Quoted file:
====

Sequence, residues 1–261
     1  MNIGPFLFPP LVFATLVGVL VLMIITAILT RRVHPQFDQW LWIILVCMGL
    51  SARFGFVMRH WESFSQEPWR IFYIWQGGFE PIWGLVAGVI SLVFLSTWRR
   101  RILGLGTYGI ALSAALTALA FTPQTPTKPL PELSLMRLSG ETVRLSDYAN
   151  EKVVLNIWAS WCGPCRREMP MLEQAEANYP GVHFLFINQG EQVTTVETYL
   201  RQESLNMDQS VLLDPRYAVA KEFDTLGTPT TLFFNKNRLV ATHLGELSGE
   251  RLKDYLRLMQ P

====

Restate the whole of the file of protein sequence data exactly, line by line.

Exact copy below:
Sequence, residues 1–261
     1  MNIGPFLFPP LVFATLVGVL VLMIITAILT RRVHPQFDQW LWIILVCMGL
    51  SARFGFVMRH WESFSQEPWR IFYIWQGGFE PIWGLVAGVI SLVFLSTWRR
   101  RILGLGTYGI ALSAALTALA FTPQTPTKPL PELSLMRLSG ETVRLSDYAN
   151  EKVVLNIWAS WCGPCRREMP MLEQAEANYP GVHFLFINQG EQVTTVETYL
   201  RQESLNMDQS VLLDPRYAVA KEFDTLGTPT TLFFNKNRLV ATHLGELSGE
   251  RLKDYLRLMQ P